“My Wassily chair is very angular, very simple and very elegant, with a tough canvas seat and back. The canvas is a natural biscuit colour, which is quite old and stained. One of the armrests keeps coming unstuck, so it’s been superglued and gaffer-taped over the years – but the fix that finally worked was when my sister [Erica Toogood, with whom Faye founded her fashion brand] stitched it together. It’s in our sitting room now, looking out to the garden, so it has a prime spot. At the moment, it’s got a sheepskin slung over it to make it more comfortable.
I think it’s probably from the 1960s but it may be older. My husband Matt’s parents gave it to us. Matt’s father was an architect and his grandfather was a really important modernist architect [Frederick Gibberd]. The chair is the point at which our two aesthetics meet. The stressed cream canvas is very me and the steel frame and the simplicity is Matt. If it were a new version, it wouldn’t please either of us – but because it’s a bit bashed around and has personality, it is something we both agree on.
Before meeting Matt, I wasn’t as aware of modernism or Bauhaus. I was into early-British folk furniture – wobbly Windsor chairs were much more my thing. We met in our early 20s when we worked at World of Interiors. He was an architecture writer and when he introduced me to modernism it changed my style. I found a kind of naïvety and a purity within some of the early-modernist and Bauhaus-movement furniture that’s mirrored in early folk pieces – I think there’s a similar desire for simplicity there.
This chair [produced by Knoll since the 1960s] has remained with us for the past 20 years. We’ve moved from a Georgian terrace to a 1960s house in north London and it’s worked in both environments. In the Georgian house, all the walls and doors were painted dark colours. It was almost like living in a Vermeer painting: very small rooms with very little light, cluttered with all our collections. In our next house, the interiors had what my mum called “Swedish sauna tongue-and-groove” with parquet floors and grey brick. When we moved in, everything from the old house looked terrible and anything with colour had to go. We restricted the palette to white and natural tones, which made it really calm. But I kept the Wassily chair. When you decide what to keep, it’s not about what’s in fashion but what has meaning: it’s about recalling when you found a piece or when someone gave it to you.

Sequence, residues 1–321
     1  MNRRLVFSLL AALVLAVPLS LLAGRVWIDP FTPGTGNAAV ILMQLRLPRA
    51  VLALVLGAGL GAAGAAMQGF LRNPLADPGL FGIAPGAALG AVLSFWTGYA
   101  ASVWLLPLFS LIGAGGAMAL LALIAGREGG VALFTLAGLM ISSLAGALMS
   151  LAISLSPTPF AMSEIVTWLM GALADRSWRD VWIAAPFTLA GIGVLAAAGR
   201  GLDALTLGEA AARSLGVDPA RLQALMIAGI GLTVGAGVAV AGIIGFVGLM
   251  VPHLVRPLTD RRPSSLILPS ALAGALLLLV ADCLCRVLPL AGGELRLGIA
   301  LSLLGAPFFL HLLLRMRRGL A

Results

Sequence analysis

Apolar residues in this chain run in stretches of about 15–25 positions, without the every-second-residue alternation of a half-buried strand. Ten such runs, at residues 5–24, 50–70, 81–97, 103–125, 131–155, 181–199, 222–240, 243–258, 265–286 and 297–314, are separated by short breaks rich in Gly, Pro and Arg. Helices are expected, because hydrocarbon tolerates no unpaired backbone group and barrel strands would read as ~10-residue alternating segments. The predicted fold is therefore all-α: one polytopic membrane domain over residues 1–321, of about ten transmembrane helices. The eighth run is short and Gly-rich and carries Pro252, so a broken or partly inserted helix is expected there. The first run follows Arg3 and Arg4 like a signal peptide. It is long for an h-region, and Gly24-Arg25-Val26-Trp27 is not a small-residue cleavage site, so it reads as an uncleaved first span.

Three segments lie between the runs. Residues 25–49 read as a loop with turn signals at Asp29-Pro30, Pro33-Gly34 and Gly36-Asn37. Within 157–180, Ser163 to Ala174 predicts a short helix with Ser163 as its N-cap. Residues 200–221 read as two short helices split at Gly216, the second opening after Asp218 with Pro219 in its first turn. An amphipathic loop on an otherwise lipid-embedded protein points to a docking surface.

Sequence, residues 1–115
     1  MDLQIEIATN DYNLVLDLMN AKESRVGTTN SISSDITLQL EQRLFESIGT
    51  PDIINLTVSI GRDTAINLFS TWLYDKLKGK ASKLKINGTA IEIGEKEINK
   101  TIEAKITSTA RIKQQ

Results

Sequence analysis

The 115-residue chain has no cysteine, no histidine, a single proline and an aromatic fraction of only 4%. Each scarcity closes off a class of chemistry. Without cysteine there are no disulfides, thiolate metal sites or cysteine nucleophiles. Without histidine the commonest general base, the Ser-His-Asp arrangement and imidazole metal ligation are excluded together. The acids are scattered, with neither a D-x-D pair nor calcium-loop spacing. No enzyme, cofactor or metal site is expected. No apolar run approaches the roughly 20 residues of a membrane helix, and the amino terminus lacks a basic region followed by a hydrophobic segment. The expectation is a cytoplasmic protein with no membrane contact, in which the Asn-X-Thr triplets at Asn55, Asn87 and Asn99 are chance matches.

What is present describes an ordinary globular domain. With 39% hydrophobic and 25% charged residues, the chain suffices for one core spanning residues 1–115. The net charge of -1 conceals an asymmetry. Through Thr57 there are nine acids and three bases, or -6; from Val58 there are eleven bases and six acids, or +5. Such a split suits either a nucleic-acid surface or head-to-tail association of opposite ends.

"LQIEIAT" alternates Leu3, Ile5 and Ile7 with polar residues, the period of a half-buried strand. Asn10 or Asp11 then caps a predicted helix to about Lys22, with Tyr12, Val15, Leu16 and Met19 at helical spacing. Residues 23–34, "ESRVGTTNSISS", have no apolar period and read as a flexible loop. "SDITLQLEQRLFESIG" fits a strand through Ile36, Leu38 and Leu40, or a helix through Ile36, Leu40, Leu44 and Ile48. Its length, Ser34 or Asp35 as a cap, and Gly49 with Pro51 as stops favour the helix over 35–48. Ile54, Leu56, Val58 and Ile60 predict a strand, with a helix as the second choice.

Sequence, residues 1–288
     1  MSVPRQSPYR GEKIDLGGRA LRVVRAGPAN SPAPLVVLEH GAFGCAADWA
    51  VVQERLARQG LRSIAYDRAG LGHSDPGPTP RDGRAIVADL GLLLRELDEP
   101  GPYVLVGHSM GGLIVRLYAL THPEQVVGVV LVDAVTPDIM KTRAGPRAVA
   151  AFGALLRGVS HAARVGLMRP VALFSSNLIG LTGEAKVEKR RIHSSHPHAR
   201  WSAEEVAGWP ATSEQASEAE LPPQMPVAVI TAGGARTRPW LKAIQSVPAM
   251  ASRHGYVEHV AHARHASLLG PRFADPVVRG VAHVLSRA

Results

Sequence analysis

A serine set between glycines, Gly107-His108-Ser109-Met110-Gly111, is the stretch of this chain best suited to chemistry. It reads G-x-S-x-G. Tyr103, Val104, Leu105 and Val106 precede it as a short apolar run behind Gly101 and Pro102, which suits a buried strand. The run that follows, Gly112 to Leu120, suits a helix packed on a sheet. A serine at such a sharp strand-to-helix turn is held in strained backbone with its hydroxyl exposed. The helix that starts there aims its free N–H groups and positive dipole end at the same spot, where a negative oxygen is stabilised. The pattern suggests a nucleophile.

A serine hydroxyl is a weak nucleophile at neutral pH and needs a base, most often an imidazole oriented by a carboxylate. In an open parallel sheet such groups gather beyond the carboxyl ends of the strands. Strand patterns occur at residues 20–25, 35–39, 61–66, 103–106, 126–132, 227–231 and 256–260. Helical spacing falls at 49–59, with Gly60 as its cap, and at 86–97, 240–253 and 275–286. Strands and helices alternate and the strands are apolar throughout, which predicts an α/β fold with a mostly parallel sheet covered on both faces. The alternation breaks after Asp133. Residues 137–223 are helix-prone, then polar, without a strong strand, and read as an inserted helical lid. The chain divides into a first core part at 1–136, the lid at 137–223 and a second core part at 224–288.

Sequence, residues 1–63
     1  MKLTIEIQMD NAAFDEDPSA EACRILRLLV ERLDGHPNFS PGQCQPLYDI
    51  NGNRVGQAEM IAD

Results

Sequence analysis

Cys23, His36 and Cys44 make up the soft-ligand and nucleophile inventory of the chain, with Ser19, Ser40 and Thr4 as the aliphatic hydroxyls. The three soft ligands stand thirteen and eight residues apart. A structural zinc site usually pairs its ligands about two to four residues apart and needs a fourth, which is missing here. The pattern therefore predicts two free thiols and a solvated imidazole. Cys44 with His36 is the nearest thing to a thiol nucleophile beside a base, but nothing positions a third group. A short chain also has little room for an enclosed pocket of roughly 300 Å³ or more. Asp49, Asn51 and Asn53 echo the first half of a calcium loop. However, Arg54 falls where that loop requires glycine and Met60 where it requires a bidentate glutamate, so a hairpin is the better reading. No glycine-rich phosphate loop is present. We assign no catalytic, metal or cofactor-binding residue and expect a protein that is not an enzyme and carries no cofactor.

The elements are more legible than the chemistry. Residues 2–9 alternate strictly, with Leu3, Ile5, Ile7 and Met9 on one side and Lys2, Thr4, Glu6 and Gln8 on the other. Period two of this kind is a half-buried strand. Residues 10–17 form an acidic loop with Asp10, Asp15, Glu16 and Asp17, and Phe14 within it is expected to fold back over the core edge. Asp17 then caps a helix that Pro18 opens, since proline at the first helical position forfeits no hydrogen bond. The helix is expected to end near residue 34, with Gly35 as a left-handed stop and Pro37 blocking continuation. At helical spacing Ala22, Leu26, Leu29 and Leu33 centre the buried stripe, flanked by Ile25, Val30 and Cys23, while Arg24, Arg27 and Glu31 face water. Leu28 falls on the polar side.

The Wassily has had some influence on my own furniture designs. Less so on my latest pieces, but the Spade chair was an attempt to reach that level of simplicity. The Roly Poly, in fibreglass, almost feels like it could be made from that same beaten-up canvas. It has that natural, heavily patinated look about it.
The chair has been treated with a lot of contempt given that it’s something we love. It’s not precious – it’s everybody’s chair. The children are allowed to jump on it. We’ve had babies snuggled up on it and had it upside-down to make a den. No one’s aware if it’s of any value, and nobody cares because it’s not going anywhere. We’ll keep mending it until it can be mended no more.”